New business brings the Far East to West Virginia

Within the Potomac Highlands, a new business is bringing the benefits of Eastern medicine to citizens in West Virginia. Mark Mamuszka, owner of Valley Acupuncture, established his business at 1018 South Kerns Ave. in Elkins in December of 2012.

“I brought my acupuncture and bodywork clinic to West Virginia when my wife took a job in the region. It’s exciting to see how well these services are being received into the community – people are not only curious, but open-minded about trying something different,” says Mamuszka.

“The most common response I hear after telling people what I do for a living is, ‘I don’t like needles,'” he said. “I remember feeling very similar before learning about acupuncture.”

Thankfully, the needles used are very different from what most people try to avoid; acupuncture needles are solid, not hollow like the needles used by doctors. They are also hair-thin and can literally be bent with your pinky. Only sterile, disposable needles are used, so there’s no risk of infection.

“It feels similar to being tapped with a toothpick. Once the needle is inserted, people often describe the sensation as warm, heavy or tingling – many people are so relaxed during a treatment, they fall asleep!”

Mamuszka’s experience is broad. He is board-certified in both acupuncture and Chinese herbal medicine by the National Certification Commission for Acupuncture and Oriental Medicine. He is also a graduate of the Academy of Oriental Medicine in Austin, Texas, where he earned his master’s degree in acupuncture and oriental medicine. Additionally, as a graduate of the Boston Shiatsu School in Massachusetts, he has trained in multiple types of bodywork.

In addition to patient visits for general relaxation or targeted muscular treatments, Mamuszka regularly treats chronic pain, stress disorders and digestive disorders by incorporating acupuncture, herbal medicine, and manual therapy.

“With the rising costs of health care in America, I’ve noticed an influx in patients who are willing to try something different in order to not only keep their medical costs under control, but also to avoid busy waiting rooms and increase one-on-one diagnostic time with their practitioner,” said Mamuszka.

Science theorizes that acupuncture achieves results by stimulating specific points on the skin to induce biochemical and physiological changes in the body. For example, acupuncture points transmit impulses to the part of the brain responsible for releasing endorphins, which are natural pain-killers many times more powerful than morphine. It is also theorized that acupuncture effectively treats pain by interrupting signals sent to the brain.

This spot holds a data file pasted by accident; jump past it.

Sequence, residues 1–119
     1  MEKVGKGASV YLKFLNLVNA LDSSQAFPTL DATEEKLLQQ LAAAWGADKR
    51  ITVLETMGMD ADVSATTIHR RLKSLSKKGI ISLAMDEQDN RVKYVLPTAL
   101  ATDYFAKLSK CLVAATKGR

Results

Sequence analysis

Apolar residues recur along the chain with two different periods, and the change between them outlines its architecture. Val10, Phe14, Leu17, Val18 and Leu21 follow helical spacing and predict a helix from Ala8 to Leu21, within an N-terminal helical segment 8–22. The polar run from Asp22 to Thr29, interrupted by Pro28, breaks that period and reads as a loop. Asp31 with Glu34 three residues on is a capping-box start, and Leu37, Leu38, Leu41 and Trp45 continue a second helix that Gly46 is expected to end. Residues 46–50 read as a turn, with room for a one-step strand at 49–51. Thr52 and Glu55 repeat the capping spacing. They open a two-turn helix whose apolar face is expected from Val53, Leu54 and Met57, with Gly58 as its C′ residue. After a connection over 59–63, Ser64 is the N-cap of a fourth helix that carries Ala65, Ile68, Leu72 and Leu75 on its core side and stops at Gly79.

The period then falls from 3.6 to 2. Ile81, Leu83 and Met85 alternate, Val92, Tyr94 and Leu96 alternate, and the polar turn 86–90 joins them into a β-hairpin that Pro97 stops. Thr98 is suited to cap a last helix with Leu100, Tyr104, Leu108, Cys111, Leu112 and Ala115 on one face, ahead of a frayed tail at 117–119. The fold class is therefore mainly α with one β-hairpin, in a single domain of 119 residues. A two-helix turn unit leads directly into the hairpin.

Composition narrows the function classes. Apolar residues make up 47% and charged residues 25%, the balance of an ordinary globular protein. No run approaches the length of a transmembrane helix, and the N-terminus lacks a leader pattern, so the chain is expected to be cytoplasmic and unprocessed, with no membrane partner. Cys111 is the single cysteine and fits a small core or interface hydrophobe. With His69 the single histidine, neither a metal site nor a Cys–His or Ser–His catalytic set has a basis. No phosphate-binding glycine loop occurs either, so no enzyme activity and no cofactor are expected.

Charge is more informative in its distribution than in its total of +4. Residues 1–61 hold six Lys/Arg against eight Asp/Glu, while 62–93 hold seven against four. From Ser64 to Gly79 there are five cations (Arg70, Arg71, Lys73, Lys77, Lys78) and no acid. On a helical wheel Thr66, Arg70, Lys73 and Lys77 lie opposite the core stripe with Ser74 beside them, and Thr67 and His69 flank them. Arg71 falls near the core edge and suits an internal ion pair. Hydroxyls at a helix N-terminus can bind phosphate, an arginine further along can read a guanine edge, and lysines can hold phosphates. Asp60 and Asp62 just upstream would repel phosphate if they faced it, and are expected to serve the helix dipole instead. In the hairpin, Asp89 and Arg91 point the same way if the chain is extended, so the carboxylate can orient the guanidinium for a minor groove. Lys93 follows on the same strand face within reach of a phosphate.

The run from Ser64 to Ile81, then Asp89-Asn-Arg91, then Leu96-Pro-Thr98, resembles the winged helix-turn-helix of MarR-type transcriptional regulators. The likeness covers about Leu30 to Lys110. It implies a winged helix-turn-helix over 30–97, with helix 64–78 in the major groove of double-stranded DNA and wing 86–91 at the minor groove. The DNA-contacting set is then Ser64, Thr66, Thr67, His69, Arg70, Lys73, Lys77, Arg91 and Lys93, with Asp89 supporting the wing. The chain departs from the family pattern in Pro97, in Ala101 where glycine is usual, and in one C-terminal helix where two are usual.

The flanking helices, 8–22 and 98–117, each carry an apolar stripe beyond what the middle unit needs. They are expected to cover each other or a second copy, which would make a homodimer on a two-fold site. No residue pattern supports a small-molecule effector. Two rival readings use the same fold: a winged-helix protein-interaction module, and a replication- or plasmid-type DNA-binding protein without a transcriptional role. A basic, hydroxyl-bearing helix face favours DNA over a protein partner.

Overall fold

“All of my education and certifications, combined with over 10 years of practical experience in massage and oriental medicine, allows me to blend Eastern and Western techniques of diagnostics and therapeutics to create customized treatment plans for patients.”

“I regularly treat common problems including: addictions, allergies, IBS, acid reflux, mood and sleep disorders, pain management and weight loss,” he added.

“It’s amazing that such a wide variety of ailments can be treated and managed through acupuncture and/or herbal medicine, but ancient cultures have used these types of treatments for more than 5,000 years, making it one of the oldest systems of health care in the world. In light of the rise of medical costs, westerners are more than willing to use them again because they are effective and affordable.”

Not everyone is treated with acupuncture, though. Many people come to Mamuszka for herbal remedies or bodywork for specific problems or ailments. Presently, herbal medicine is used by billions of people all over the world, as both primary and supplementary health care.

Chinese herbal medicines consist of individual herbs combined to make a formula that is specifically tailored to meet a patient’s medical needs. Herbs are selected to alleviate the symptom as well as to treat the underlying imbalance, are gentle to the system, and may be taken in various formats.

“West Virginia is a beautiful place, and I’m really inspired to provide not only health benefits, but also general wellness, to citizens in the region. There’s no reason not to feel good when you get to live in a place like this.”

For more information about Valley Acupuncture, or to book an appointment, visit them online at or call 304-940-8071.